Delivering to Kenya’s under-served people

Copia – Delivering to Kenya’s under-served people

This Kenyan social enterprise has just won a $5m investment from the US government to scale up its work which is turning the African e-commerce market on its head.

On an unpaved street in Githurai 45, a semi-rural neighbourhood about an hour’s drive from Nairobi, Jane’s shop displays a bright yellow front, contrasting with the dark grey clouds in the Kenyan sky. There aren’t many people around, and everyone is masked up – Covid-19 rules. After making her way behind the counter, Jane uncovers her face, revealing a big smile. 

Copia Global Jane
Above: Copia agent Jane in front of her pharmacy, in Githurai 45. Photo by Sophia Waweru

Jane is a chemist. But for the past two years, she has also been selling mattresses, electronics and stationery, among hundreds of other products. “It’s like carrying the whole supermarket,” she says.

Jane, who was speaking to Pioneers Post via video call towards the end of 2020, is an agent who distributes products for Copia Global, an e-commerce retailer that sells affordable goods to middle and low-income communities in Kenya.

Founded in 2013, the social enterprise has, to date, provided approximately 1m unique customers with low-cost, high-quality products which they wouldn’t have been able to access otherwise. The enterprise has been widely celebrated, for example, it was listed in Fast Company’s 10 Most Innovative Companies in Africa for 2020. And it is in the process of scaling up – it received a US$5m equity investment from the US International Development Finance Corporation in the autumn of 2020, which followed $26m from several investors the previous year, and it is currently raising more.

One of its first investors, Elena Casolari, managing director of impact investor OPES-LCEF, says her team recognised the founders’ ambition: “We believed in what the founders envisioned: a solution that could disrupt an unfair status quo, shape a new narrative and give dignity to the have-nots.”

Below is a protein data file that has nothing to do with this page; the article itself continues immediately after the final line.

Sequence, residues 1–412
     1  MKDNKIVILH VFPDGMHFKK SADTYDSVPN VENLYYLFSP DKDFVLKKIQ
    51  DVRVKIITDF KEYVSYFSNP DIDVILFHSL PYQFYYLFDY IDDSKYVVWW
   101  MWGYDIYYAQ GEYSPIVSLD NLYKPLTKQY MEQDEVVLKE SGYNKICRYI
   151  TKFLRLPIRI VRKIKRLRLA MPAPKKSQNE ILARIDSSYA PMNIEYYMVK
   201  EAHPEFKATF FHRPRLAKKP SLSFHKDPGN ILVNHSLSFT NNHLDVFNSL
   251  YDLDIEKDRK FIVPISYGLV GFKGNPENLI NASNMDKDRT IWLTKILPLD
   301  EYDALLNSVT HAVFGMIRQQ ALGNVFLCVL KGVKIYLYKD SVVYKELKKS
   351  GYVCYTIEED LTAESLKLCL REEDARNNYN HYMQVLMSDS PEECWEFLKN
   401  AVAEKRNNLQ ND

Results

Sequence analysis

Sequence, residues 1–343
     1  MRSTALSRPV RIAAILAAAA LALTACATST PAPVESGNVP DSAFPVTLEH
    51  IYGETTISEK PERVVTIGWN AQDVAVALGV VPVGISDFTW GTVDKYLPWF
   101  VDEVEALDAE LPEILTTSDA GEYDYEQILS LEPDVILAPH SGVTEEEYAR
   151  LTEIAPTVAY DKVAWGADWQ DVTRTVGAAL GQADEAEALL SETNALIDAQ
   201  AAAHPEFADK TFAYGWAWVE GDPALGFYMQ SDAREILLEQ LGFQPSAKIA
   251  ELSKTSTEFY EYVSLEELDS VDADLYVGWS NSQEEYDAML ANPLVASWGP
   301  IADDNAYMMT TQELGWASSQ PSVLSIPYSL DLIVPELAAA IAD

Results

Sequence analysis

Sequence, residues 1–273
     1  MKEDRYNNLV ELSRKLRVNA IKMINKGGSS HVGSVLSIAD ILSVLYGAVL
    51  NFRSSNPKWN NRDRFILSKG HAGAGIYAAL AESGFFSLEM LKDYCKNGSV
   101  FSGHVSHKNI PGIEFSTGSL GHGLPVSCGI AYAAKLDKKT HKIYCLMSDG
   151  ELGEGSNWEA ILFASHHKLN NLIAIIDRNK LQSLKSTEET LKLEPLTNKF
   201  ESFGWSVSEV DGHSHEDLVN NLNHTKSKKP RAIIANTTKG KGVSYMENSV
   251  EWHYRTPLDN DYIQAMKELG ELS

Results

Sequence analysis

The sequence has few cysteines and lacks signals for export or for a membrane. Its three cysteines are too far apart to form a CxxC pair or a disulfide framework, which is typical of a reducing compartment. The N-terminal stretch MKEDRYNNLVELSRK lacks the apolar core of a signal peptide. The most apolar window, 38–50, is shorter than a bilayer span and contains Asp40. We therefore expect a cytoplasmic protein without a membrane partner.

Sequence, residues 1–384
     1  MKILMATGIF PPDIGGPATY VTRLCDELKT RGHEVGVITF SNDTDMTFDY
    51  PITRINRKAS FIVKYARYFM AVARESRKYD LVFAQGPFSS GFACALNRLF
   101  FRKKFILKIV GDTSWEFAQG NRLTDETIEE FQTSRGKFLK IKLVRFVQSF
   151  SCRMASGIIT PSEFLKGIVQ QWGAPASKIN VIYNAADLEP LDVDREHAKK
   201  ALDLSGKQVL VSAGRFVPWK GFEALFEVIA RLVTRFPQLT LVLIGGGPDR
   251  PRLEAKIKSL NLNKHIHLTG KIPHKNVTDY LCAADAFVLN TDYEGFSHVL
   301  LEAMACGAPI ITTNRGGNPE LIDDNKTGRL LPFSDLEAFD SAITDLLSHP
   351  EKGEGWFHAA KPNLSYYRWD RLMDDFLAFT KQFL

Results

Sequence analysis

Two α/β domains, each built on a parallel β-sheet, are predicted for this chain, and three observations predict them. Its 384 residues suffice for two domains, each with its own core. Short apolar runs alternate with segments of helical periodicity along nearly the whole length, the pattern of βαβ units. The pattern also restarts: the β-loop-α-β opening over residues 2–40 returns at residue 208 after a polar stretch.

Across Africa, 750m middle and low-income consumers are spending US$680bn every year, according to Copia’s estimates. Yet many remain forgotten by retailers who instead focus on Africa’s elites and middle classes, and are missing out on products which they see advertised but remain out of reach, whether it is because of geographical or economic barriers.

Western-style e-commerce platforms, such as Jumia, only target high-income consumers in well-connected areas with top of the range products. Meanwhile, bricks-and-mortar supermarkets do not have the logistic or economic means to reach rural and isolated populations. 

Solving this distribution problem was the aim of American social entrepreneurs Tracey Turner and Jonathan Lewis when they co-founded Copia Global eight years ago. Turner had spent some time studying in Kenya in the mid-1990s, and saw first-hand that many people struggled to access quality goods. She went on to become a successful entrepreneur in Silicon Valley, and later came back to the country with the idea of reinventing e-commerce to deliver quality, affordable goods to low and middle-income consumers wherever they were, taking a purpose before profit approach. 

Copia delivery driver cropped

Above: a driver makes a Copia delivery to an agent (photo courtesy of Copia Global)

“These consumers are really underserved,” Copia Global CEO Tim Steel tells Pioneers Post. “The traditional way of doing business doesn’t really work for a consumer whose aspirations and knowledge of what is available is getting greater and greater, but access to that is just not changing at all.”

Steel calls the way Copia operates “assisted e-commerce”. The company partners with a network of agents, usually local small business owners, like Jane, in remote or hard-to-access areas. Customers can visit their local agent and order directly from them. The goods are then delivered to the agent, where they can be picked up.